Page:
Feb 28, 2011 Larry rated it it was amazing
James Hornfischer writes as well as Rick Atkinson, which puts him at the top of those who write about World War II. The Guadalcanal campaign involved seven major sea battles, five of them between battleships, cruisers, and destroyers, and Hornfischer does it justice. Like Operation Torch (the North African campaign described by Atkinson in "An Army at Dawn") the Guadalcanal campaign (Operation Watchtower) presented obstacles in training, leadership, and tactical skill that would be overcome by d ...more
Tony Taylor
Apr 02, 2011 Tony Taylor rated it it was amazing
Recommends it for: Every Navy man as well as everyone who loves history, whether ancient or contemporary
EXCELLENT, EXCELLENT, EXCELLENT ... this is a Five Star book without a doubt... superbly researched and well written... a whole new insight into the first major offensive sea battle in the Pacific during WWII. Before the history of the sacrifices our parents and grandparents made during the last world war are lost, we owe it to our children and grandchildren to learn more about those who lived, served, and for many, died serving our country. Our nation was in the midst of two wars; one in Europe ...more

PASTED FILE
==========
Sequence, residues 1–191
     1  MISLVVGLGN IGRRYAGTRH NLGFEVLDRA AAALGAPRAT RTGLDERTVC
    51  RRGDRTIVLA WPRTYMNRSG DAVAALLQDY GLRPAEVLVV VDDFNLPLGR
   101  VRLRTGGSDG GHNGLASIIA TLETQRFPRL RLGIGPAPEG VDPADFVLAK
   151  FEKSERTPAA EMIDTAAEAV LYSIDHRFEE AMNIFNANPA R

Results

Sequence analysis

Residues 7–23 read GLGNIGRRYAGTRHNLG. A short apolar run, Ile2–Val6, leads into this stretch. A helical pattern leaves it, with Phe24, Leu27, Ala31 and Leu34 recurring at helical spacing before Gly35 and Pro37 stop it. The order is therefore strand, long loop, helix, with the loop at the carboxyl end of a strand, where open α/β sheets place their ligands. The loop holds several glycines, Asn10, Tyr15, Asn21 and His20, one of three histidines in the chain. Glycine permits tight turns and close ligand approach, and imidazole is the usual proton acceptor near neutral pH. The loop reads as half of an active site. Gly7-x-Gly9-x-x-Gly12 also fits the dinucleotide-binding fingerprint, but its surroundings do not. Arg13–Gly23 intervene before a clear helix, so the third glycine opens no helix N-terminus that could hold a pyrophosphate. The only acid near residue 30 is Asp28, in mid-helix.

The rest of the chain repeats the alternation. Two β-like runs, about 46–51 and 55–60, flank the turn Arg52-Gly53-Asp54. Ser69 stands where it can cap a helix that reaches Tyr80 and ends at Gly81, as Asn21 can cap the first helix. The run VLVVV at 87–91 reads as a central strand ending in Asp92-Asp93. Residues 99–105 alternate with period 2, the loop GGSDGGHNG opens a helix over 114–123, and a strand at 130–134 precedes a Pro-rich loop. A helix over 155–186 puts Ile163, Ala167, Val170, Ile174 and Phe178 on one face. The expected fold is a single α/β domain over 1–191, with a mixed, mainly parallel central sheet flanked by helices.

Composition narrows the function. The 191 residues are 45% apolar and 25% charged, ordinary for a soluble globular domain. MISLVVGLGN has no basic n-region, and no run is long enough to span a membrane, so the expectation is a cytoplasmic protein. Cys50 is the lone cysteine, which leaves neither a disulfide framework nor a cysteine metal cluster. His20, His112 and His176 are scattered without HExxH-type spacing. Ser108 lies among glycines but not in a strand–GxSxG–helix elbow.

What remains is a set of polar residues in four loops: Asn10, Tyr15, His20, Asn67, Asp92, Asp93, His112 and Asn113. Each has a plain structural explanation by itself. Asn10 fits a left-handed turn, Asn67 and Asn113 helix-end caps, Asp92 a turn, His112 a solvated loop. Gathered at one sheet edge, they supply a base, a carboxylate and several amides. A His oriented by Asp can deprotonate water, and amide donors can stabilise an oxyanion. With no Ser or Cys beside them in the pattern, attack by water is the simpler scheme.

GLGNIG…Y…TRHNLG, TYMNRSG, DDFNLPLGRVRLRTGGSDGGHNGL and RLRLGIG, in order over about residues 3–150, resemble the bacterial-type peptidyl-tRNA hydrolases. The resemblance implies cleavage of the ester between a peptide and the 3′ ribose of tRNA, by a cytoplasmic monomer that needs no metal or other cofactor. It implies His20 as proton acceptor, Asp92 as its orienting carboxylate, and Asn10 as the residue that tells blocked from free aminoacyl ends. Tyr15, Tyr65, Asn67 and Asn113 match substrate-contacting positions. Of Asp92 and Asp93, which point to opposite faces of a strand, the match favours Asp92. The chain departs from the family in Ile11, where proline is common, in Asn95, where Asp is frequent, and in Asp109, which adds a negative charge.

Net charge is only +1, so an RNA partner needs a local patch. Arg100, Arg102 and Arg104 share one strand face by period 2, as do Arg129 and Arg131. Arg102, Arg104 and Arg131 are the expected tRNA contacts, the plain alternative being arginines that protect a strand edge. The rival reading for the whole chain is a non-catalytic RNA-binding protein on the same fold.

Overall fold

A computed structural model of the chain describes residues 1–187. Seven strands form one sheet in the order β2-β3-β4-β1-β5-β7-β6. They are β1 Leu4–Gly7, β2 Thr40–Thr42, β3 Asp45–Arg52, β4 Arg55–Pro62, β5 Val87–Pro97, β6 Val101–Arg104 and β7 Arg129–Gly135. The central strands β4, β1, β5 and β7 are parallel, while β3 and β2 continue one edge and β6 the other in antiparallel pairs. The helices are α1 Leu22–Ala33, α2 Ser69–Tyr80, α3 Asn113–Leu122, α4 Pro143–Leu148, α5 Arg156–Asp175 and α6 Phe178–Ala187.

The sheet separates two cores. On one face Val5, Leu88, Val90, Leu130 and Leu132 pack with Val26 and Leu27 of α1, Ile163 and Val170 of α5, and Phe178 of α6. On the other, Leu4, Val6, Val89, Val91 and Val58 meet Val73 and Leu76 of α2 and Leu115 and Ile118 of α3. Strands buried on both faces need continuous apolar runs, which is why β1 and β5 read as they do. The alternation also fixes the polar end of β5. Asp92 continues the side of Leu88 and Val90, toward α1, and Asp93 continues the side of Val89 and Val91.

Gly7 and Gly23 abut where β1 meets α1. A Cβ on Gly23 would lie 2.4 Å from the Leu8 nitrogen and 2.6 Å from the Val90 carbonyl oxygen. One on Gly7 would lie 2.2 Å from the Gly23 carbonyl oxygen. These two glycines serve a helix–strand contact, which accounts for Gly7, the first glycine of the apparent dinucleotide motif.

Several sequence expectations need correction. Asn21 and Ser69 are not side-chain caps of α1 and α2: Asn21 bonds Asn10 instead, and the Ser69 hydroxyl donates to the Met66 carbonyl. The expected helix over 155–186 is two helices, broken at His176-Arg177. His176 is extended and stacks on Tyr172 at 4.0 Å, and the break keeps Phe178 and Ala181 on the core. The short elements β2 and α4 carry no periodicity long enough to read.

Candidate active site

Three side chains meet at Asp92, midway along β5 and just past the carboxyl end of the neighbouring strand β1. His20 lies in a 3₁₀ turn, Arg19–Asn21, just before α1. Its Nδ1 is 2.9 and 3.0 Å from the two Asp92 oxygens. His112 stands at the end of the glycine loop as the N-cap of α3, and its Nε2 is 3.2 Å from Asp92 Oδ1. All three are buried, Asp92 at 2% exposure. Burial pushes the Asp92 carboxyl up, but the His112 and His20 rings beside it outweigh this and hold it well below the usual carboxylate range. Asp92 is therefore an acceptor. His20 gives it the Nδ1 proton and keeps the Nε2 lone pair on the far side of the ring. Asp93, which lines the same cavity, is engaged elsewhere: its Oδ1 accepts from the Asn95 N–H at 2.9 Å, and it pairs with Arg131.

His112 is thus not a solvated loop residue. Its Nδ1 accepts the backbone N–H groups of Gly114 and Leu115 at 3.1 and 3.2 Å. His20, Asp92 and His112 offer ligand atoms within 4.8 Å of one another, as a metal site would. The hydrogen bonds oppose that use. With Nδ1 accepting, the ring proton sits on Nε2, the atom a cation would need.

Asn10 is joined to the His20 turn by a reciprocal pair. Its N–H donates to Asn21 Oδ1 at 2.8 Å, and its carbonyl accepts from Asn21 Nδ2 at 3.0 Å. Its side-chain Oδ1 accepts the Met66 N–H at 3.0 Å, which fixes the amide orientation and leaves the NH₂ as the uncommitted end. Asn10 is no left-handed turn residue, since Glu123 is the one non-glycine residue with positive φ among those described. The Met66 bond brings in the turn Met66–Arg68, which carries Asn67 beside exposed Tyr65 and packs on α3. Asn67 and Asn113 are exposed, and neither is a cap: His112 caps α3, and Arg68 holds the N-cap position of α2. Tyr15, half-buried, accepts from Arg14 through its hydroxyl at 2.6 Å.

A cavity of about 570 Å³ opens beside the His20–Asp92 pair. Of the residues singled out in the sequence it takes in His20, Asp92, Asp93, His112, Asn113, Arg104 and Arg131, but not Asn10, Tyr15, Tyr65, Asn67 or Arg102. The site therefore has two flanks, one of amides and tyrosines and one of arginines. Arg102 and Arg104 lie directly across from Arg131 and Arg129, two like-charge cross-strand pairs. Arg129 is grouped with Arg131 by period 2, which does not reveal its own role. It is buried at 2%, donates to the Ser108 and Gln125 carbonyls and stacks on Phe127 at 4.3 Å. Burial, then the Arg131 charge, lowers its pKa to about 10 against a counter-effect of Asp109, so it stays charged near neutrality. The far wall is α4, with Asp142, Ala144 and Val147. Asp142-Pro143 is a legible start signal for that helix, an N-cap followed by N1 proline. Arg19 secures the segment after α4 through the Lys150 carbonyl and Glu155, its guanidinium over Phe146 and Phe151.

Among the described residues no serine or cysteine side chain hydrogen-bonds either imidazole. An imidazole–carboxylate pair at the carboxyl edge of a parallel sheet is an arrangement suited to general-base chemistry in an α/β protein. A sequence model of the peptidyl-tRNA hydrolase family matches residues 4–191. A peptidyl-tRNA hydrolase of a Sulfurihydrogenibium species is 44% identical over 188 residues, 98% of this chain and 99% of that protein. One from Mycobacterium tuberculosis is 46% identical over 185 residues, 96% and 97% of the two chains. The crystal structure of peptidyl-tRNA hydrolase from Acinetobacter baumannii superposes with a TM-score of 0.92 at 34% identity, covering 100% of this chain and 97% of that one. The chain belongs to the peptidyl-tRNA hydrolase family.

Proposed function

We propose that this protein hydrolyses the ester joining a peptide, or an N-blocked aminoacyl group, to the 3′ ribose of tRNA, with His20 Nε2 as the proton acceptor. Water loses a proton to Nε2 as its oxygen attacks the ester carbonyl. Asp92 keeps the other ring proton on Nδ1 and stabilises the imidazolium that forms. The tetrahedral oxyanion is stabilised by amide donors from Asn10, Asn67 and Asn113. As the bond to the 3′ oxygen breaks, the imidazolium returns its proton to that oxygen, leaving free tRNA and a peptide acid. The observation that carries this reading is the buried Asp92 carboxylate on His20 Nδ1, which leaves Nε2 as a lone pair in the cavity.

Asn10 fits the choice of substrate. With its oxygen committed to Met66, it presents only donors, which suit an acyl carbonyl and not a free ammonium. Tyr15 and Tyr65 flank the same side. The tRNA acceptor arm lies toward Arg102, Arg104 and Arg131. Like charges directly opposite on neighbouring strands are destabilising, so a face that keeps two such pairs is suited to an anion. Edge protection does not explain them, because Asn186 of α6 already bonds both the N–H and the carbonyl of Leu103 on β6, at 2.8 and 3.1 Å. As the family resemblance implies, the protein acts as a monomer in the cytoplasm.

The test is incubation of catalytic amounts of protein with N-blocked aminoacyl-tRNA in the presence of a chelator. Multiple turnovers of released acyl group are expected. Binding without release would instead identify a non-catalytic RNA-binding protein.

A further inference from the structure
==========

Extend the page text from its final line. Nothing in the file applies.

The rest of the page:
Aug 22, 2012 Mike rated it really liked it
I have just had the pleasure of reading my latest selection entitled "Neptune's Inferno" (The US Navy at Guadalcanal), by James D. Hornfischer. This epic novel is the ultimate in showing the reader, just what it was like in the Pacific during World War II. Most people if they think about the Second World War, do not usually think about the fight in the Pacific, other than the attack on Pearl Harbor. Hornfischer takes the reader right into the fray.
Many of the characters in this novel were are
May 01, 2011 Ross rated it liked it
This is a very depressing book for any American to read. The U.S. was dragged kicking and screaming into WWII by the sneak attack on Pearl Harbor over the objections of isolationists who had kept us unprepared for the war that any fool could see was coming.
This book deals with the 3 months in 1942 when the U.S. high command decided to occupy and hold the island of Guadalcanal in the South Pacific. This was an undertaking for which the navy was not yet prepared and many thousands of U.S. sailors